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Oxidative Consumption of Root Caries Biomolecules by Ozone
By M Grootveld, J Holmes, N Johnson,C Silwood, A Baysan and E Lynch
Queen's University of Belfast, United Kingdom
Objectives: Restorative treatment of primary root carious lesions (PRCLs) represents a major challenge. This investigation compared a unique method of non-restorative management of PRCLs using ozone gas (O3). Hence, a multicomponent evaluation of the oxidative consumption of PRCL biomolecules by O3 has been conducted using high-field proton (1H) nuclear magnetic resonance (NMR) spectroscopy. O3 was generated by the commercially-available HealOzone Unit [1].

Methods: 24 soft PRCLs requiring restoration from teeth were used since these are the severest type of lesions found in humans. After plaque removal and drying, a sample of PRCL was taken using a sterile excavator from half of the most active part of lesion. After this collection process, O3 was applied to the lesion for 20 s (equivalent to a delivery of 8.96 mmol. of this oxidant) and another sample was taken from the other half of the most active part of the lesion. Each sample was then accurately weighed on a microbalance and perchloric acid extracts derived therefrom were subjected to 1H-NMR analysis at an operating frequency of 600 MHz.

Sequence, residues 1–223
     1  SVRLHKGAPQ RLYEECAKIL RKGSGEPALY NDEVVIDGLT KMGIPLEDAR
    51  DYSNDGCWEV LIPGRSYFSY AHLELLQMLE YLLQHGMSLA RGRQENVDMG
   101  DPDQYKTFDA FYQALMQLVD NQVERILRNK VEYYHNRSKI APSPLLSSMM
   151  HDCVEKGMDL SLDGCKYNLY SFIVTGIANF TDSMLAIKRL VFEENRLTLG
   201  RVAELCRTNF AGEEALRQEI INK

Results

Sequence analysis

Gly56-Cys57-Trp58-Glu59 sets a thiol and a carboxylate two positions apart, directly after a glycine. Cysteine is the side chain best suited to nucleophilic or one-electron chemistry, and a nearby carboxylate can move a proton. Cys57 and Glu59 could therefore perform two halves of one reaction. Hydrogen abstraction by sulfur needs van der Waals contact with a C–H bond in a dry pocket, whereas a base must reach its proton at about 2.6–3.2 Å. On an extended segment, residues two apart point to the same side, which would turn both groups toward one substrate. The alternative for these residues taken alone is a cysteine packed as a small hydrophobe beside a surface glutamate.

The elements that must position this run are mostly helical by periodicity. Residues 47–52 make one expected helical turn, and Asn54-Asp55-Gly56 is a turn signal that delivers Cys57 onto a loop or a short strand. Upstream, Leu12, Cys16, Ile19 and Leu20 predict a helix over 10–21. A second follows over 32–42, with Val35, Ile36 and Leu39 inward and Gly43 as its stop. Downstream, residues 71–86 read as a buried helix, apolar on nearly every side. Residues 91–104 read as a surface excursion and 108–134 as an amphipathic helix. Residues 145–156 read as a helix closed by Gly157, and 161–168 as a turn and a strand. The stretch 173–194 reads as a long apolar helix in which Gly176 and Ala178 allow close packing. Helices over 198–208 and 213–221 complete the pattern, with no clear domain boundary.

Results: Results obtained revealed that O3 gave rise to the oxidative decarboxylation of pyruvate (generating acetate and CO2 as products), and its oxidative attack of carbohydrates to generated formate. O3 also oxidised PRCL lactate, urate, glycosaminoglycans and methionine to yield acetate and CO2 (via pyruvate), allantoin, low-molecular-mass saccharide fragments and methionine sulphoxide, respectively.

Conclusions: Multicomponent analysis of root caries by high field 1H-NMR spectroscopy provides useful information regarding the oxidation of PRCL biomolecules by O3. For example, pyruvate is an extremely strong acid and its consumption by O3 may offer protection against tooth demineralisation. Moreover, oxidation of the volatile sulphur compound precursor methionine to its corresponding sulphoxide may serve as a useful means of blocking the development of oral malodour. [1] CurOzone U.S.A. and KaVo Germany

Topic: Geriatric Oral Research

Keywords: Gerontology, Cariology, Chemistry, Diagnosis, Therapeutics

First Author

Martin Grootveld, BSc, PHD,Health Services Research,Queen's University of Belfast
Dental School

KaVo Press Release

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